For a Year 6–11 student with a passion for dance, music or visual arts, and wondering about secondary school choices or a place to finish their education, The Victorian College of the Arts Secondary School (VCASS) website would be a good place to start looking.
Of the thousands of Australian school websites is a standout. It’s beautifully designed, easy to navigate and lays out in great detail what a prospective student will experience – and be expected to achieve.
The website’s ‘Entry’ tab is the first hurdle. Prospective VCASS students will soon realise that this is a serious commitment – it’s not at all like trailing around the local high school with parents on Open Day. Of potential students who do work their way through the online application process, around 450 will be invited to audition in August (visual arts applicants must submit a portfolio of work and are interviewed). And no more than 60 will be offered a place.
While VCASS is a Victorian government school, all Australian residents are eligible to audition and there are up to 20 places for international students. Bi-partisan government funding of $6000 per student pays for tuition for 100 dancers and 120 musicians. As well, students from the Australian Ballet School, Gymnastics Victoria, Diving Victoria and the National Institute of Circus Arts attend the school for their school studies, adding yet more energy to the creative mixing pot.
Colin Simpson, a 14-year veteran of the school and principal since 2004, says: “The school was established in 1978 to feed students into the Victorian College of the Arts. At the outset it was a funny little school with no building of its own.” That changed in 2008  when the school became independent of the VCA and a year later moved into a purpose designed building in Miles Street, Southbank, in Melbourne’s arts and entertainment precinct.
Sited close to the off ramp connecting Princes Highway to busy Kingsway, the school’s slightly Art Deco Showbiz façade is separated from the car parking spaces by a narrow grass strip dotted with a few little trees and there’s an uninspiring patch of undeveloped land across the road. But it’s a different matter inside; this is a building ideal for its dual purposes of conventional learning in tandem with the performance spaces, practice rooms and workshops necessary for the students to develop their artistic talents.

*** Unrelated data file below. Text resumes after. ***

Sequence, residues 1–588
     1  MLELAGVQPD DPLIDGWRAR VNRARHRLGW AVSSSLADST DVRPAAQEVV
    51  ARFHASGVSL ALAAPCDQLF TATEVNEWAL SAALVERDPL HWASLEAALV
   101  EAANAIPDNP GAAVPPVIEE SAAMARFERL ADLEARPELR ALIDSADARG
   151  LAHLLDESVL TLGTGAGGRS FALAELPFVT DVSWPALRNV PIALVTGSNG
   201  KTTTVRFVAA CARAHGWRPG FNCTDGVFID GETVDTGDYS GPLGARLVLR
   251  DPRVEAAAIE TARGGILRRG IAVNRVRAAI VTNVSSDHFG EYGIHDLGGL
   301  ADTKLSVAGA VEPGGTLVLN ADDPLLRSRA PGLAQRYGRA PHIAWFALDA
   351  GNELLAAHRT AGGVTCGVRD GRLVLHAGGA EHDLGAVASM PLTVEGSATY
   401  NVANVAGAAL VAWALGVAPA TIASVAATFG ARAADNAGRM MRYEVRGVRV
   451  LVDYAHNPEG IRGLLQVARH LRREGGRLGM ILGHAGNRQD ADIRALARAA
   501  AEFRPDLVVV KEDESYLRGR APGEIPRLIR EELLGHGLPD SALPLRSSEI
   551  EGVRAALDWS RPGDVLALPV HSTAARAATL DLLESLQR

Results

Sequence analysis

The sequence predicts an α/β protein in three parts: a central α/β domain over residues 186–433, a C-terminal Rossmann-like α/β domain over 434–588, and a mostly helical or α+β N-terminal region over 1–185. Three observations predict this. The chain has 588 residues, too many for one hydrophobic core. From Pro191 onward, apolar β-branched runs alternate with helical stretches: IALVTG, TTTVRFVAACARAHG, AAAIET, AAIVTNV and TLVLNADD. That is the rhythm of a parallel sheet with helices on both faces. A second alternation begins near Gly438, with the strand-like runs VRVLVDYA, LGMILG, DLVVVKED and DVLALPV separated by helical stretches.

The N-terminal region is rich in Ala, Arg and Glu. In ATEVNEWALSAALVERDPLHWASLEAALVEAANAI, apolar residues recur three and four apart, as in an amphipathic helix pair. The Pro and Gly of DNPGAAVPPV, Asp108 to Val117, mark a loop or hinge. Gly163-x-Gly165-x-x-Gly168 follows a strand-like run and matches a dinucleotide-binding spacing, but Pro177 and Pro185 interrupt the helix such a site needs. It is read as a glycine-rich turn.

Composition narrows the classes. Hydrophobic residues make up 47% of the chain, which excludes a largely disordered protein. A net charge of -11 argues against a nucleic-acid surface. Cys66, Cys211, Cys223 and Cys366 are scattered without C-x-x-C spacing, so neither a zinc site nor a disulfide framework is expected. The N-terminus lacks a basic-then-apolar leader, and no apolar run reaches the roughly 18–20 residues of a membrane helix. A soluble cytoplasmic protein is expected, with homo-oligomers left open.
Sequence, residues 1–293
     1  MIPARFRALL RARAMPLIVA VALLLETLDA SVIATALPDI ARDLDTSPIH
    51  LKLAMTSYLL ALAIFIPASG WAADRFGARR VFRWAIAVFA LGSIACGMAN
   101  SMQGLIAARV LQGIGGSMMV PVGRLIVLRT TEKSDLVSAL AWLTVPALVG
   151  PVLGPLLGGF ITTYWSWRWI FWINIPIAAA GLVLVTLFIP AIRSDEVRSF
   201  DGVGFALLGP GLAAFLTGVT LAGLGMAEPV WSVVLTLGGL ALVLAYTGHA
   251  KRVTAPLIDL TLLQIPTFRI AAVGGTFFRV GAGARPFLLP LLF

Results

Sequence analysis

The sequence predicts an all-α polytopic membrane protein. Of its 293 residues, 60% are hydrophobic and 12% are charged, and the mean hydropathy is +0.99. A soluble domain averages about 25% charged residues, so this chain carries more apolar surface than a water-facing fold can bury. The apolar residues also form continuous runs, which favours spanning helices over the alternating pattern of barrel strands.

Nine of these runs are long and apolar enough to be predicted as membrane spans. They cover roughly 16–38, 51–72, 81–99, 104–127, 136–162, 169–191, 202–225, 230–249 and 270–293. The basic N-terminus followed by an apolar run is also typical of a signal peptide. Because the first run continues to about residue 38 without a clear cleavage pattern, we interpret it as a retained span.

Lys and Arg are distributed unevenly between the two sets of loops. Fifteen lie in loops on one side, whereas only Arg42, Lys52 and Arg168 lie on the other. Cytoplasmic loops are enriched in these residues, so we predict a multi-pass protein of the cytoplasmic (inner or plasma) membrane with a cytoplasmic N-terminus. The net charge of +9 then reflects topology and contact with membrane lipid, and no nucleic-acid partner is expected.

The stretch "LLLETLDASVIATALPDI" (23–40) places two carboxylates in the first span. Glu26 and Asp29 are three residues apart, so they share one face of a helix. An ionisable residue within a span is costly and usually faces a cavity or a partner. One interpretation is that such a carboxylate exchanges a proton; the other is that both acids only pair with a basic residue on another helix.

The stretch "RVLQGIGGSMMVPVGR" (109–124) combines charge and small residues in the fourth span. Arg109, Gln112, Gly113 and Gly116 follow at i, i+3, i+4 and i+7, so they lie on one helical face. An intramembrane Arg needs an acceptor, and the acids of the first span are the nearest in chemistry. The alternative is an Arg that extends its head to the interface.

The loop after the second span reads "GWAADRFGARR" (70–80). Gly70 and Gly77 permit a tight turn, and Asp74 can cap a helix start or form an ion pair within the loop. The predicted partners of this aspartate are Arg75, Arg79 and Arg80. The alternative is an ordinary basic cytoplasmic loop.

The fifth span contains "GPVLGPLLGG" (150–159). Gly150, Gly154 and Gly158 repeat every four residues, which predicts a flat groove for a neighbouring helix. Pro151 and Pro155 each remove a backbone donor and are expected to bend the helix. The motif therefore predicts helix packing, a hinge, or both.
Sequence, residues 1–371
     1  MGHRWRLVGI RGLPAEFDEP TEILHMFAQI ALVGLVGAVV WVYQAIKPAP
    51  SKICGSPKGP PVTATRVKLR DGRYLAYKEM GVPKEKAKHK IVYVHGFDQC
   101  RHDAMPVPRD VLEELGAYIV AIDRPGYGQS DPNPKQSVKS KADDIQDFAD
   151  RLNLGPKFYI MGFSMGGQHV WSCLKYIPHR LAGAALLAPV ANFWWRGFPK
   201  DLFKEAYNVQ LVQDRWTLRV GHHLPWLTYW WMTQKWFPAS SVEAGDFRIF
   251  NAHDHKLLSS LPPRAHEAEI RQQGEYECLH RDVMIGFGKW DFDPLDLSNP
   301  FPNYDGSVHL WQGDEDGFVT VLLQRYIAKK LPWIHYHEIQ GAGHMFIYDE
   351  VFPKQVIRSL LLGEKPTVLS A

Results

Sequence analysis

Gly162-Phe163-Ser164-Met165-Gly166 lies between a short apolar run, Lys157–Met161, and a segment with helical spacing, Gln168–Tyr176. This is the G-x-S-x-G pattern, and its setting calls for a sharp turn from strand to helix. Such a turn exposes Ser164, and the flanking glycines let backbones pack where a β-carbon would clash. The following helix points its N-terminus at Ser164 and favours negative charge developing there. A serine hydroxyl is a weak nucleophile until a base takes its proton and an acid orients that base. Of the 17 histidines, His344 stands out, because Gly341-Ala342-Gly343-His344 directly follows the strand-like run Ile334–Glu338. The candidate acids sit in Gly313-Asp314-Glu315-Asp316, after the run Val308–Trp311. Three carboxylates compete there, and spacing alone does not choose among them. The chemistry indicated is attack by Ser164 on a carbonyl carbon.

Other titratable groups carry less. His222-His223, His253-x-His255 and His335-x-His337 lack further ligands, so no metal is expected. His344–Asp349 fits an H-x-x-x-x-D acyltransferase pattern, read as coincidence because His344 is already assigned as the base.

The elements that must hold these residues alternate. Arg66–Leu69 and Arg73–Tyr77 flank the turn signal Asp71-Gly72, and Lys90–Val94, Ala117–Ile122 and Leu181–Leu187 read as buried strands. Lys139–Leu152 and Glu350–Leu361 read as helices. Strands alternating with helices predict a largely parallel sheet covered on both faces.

Is VCASS a school where conventional school takes second place to dance, music and visual arts training? This earns an emphatic ‘No’ from principal Simpson. He says: “Our academic results are right up there with Melbourne’s better performing state schools like McKinnon Secondary College, University High School and Balwyn High School.” [All four recorded near perfect results in terms of secondary school certificates awarded in 2012 and similar outcomes in combined university/TAFE further education destinations (MySchool; accessed 23.4.14)].
The School’s ICSEA profile is, not unexpectedly, skewed towards the upper middle (27%) and top quarter (57%) but Simpson emphasises that talent is what counts at audition time and there is no weighting for academic progress.
 “We are looking for commitment and talent,” he says. “We have the poorest and the wealthiest. We take all types… even the child that may have behaviour issues; most settle down and work hard because they are doing what they want to do in an environment were they feel comfortable. Our NAPLAN scores indicate that many of our students do better here than they might do at a more conventional school.” He adds: “It can come as something of a shock for a student coming from a school where their dance or music talent shines to discover that at VCASS they have to work hard to stand out.”
It’s a very long school day for everyone at the school, especially for the dancers who often start at 7.30 am. After the standard nine school periods, three periods of dance, music or visual arts finish at 5.30 pm. And for many students there is significant travel time to make the day even longer. One group takes the 60-minute train ride from Geelong, while a Year 11 girl who lives in Traralgon copes successfully with a two-hour commute. With dance and music students often performing at weekends, parents are also deeply committed.
For Simpson, one of the privileges of heading a small school (current enrolment is 341) is knowing the students personally and being in a position to mentor and guide their artistic training, school studies and wellbeing, the latter calling for sensitive handling when reality collides with a dream.
He says: “From time to time a student will come into my office to tell me that they have ‘lost the passion’ and don’t really want to carry on with their training. When that happens we do everything we can to help find a school where they will fit in.
 “Because they sacrifice so much and work so hard, it’s particularly difficult when we tell a dancer that she or he can’t expect to have a career in dance.”
Recognising from the get go that a student may turn out not to have sufficient talent to be a professional dancer or musician, the school guides its pupils to think of their education and artistic training as two streams so that if the Plan A dream doesn’t work out, they are prepared for an alternative tertiary course, a Plan B, if you like.